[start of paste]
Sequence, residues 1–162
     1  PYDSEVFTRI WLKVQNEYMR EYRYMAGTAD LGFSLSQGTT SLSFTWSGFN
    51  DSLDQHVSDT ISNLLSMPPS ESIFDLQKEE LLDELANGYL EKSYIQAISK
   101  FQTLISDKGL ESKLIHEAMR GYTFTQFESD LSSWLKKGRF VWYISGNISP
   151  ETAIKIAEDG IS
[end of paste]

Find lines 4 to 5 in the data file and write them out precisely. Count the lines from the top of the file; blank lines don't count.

   101  FQTLISDKGL ESKLIHEAMR GYTFTQFESD LSSWLKKGRF VWYISGNISP
   151  ETAIKIAEDG IS